After years of pushing Western-designed shampoos and deodorants in the Middle East, the world’s biggest personal-care companies are changing course and selling products made specifically for local consumers’ tastes. Procter & Gamble Co.’s Olay line targets Persian Gulf customers with skin-lightening creams. A recent campaign by Beiersdorf AG’s Nivea brand collected love stories from mostly female Middle Eastern writers to market its Sensual Musk body lotion.
Hilarious. How ’bout the “love stories” of women raped and then stoned to death and/or honor-killed because of the raping? Or poems from Gitmo’s Islamic terrorists? Or the “love story” of the Saudi Arabian chick put in prison for celebrating Valentine’s Day? Oh, wait, that one’s been done already. Thanks, Vanessa Redgrave.
The goal is to woo young Middle Easterners with cash to spare. Consumer spending in developed markets, by contrast, is still rebounding from the financial crisis. “If you want to go with growth, you want to go with the Muslim market,” said Shelina Janmohamed, vice president at Ogilvy Noor, a London-based Muslim marketing agency owned by WPP PLC.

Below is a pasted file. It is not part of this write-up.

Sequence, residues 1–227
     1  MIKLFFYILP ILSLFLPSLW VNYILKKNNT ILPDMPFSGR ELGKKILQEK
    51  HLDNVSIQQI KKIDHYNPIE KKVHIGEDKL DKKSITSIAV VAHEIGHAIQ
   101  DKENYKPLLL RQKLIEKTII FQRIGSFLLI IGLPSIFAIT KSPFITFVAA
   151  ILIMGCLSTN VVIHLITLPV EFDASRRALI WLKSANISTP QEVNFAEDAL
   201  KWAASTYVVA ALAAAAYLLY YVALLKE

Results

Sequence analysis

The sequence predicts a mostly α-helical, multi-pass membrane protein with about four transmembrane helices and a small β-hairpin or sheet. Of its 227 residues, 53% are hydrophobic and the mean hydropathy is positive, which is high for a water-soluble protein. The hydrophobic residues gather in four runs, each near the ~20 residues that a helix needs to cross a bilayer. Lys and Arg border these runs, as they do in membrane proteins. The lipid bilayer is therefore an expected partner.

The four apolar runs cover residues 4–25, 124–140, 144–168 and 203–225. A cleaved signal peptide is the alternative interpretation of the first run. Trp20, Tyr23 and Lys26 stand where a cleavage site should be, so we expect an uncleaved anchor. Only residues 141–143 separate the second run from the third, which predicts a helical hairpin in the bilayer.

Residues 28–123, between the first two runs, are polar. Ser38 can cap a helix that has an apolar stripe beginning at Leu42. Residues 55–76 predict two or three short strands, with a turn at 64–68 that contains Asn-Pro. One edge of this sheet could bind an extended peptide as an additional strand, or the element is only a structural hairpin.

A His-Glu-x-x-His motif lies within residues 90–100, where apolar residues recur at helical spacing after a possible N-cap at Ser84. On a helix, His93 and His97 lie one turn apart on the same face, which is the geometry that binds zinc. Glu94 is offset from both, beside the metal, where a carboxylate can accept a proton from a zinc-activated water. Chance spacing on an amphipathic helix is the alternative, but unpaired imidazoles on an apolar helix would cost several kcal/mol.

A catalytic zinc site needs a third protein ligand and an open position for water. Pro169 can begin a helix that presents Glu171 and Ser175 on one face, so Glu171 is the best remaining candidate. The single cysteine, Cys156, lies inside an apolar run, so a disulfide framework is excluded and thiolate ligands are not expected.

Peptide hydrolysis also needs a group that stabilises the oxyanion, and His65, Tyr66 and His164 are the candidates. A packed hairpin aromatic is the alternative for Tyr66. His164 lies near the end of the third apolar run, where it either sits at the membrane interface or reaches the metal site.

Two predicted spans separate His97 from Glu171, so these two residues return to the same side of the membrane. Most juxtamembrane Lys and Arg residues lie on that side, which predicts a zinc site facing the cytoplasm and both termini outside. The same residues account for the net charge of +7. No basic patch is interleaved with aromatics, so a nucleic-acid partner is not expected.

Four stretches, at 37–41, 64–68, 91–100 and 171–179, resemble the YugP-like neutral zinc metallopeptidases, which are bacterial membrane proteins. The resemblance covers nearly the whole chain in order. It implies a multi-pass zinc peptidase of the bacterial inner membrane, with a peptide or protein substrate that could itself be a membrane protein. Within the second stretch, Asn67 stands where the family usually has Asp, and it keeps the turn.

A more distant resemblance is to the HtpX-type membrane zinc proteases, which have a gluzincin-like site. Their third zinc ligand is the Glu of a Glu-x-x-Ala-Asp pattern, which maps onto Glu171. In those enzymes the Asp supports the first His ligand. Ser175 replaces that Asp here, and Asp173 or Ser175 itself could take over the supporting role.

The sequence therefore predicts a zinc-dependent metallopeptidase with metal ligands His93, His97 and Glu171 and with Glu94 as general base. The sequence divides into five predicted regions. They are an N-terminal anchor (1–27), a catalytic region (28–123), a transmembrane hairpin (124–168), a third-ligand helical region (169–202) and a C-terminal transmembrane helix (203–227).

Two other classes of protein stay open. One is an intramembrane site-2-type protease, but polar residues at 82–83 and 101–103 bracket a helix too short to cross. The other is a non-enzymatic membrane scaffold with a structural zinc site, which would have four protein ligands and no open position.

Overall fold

The global Halal market—products made to be permissible under Islamic law—is valued at $2.1 trillion, according to a 2013 report by the Halal Industry Development Corp., a government-sponsored trade group based in Malaysia. [DS: Don’t believe the exaggerated figures of self-serving Muslim propagandists.] Roughly 9% of that goes to Halal cosmetic products, one of the fastest-growing categories. Marketing by major personal-care companies directly to Muslim consumers is still in its infancy, according to Ogilvy Noor’s Ms. Janmohamed, who likens the situation to the untapped Hispanic market in the U.S. 20 years ago. Still, some campaigns have started to appear, including an ad for Unilever’s Sunsilk shampoo in which no hair was shown. . . . Since 2008, Henkel’s Middle East and Africa business has grown three times as fast as the company overall. Regional sales increased 17.6% in 2013 from the previous year, and Henkel expects a similar performance this year. . . . Ahmed el Amir, who owns a drugstore outside of Cairo, said Henkel offered a free veil when it launched Gliss Restore & Refresh, and many women bought the shampoo to get the scarf. . . .